Hello! VORTEX2 has been extremely busy lately, with chases occurring every day. We have been fortunate to have at least had opportunities every day…and several of the storms have been tornadic. The LSC/NCAR Photogrammetry team was able to collect data on one supercell that produced two tornadoes near Deer Trail, Colorado on June 10th. See below for some pictures of the tornado! We also surveyed the damage, and found one tree that had one large and several small branches broken off. We believe this was cause by the tornado, but will have to verify this using the radar data.
We are very excited to have another case under our belts, and hope for more before the end of the project. There are only 4 days left!!!
Happy anniversary, everyone!
…you do remember what happened on June 5th, 2009, right? On that day in Goshen County, Wyoming, VORTEX2 had a very successful deployment on a tornado that lasted over 30 minutes and was rated as an EF-2 (on a scale of 0 to 5). It ended up being the only case that the LSC/NCAR Photogrammetry team had to analyze from the 2009 campaign. That work is still being done, and we have found some really fascinating things by combining our high-resolution photos and video with the mobile Doppler radar data.
But now back to our current data collection! We are still waiting for another good case. As I mentioned in the last post, we have adopted a new, more aggressive operations strategy that will hopefully enable us to intercept more storms and collect more data. Recently, we have targeted several storms in Nebraska. Unfortunately, mot of these storms did not remain isolated, meaning that there were numerous other storms in the vicinity and they ended up combining into one large storm system. These are very difficult for us to collect data on.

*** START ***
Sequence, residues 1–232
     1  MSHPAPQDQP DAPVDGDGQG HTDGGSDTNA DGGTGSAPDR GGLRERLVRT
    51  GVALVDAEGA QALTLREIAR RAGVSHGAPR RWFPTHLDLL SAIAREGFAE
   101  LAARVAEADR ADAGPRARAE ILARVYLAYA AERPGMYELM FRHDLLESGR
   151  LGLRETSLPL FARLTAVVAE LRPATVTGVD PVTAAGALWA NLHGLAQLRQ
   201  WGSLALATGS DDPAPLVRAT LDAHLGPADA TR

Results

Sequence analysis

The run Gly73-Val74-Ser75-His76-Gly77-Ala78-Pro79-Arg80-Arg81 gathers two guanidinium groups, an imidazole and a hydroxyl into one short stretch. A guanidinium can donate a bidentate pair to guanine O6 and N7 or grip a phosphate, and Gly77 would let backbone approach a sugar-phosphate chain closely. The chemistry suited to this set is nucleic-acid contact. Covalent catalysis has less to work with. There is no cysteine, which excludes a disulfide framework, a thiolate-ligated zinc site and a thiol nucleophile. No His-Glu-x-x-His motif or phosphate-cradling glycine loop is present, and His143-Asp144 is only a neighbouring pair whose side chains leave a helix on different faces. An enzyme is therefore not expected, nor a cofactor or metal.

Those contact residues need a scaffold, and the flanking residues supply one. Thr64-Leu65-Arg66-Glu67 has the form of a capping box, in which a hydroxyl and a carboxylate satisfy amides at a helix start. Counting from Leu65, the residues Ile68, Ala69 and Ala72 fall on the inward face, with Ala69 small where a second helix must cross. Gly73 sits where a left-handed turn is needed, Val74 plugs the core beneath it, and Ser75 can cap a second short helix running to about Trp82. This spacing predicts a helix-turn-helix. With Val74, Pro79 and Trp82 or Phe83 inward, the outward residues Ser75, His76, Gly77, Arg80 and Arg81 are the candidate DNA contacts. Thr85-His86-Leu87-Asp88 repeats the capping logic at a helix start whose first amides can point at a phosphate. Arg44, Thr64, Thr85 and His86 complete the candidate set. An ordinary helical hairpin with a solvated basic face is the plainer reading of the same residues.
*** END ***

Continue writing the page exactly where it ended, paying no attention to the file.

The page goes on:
The weather now brings us into Iowa, and we are currently further east than we have been at any point during the project. Happy anniversary…here’s to a repeat of last year’s June 5th!
There is an idea that many storm chasers in the Midwest look to to help them get through what might be a slow day to start: “6 o’ clock magic.” The idea was presented to me at the beginning of the 2009 campaign by team member and now NCAR Director Dr. Roger Wakimoto. Sure enough, I have seen the magic for myself on many days. We can spend all day sitting in a park under clear skies, and then suddenly, as the minute hand points straight up and the hour hand points straight down, storms will begin the fire and the chase commences.
Today is the first day of June, the 6th month of the Gregorian calendar. We are hoping that 6 remains a lucky number and we see some “sixth-month magic”. While we do have at least one tornado under our belts, it was weak and very short lived, making it difficult for that case to meet the science objectives that our team set out with VORTEX2 for. Project coordinators have recently rethought how we operate and have decided to be much more aggressive. Hopefully that change along with some of that magic will enable us to intercept storms and collect data that will help us meet our goals.
We have been busy though…since we last blogged, we have travelled through Colorado, into Wyoming, South Dakota, Nebraska, and into Kansas. Along the way, we saw Jackalope Square in Douglas, Wyo., Mt. Rushmore (yes, again), and Devils Tower National Monument. We’ve deployed on several storms, one very nice and long-lived supercell in Colo., but none of them produced tornadoes while we collected data.
Stay tuned to see if that sixth month magic is realized!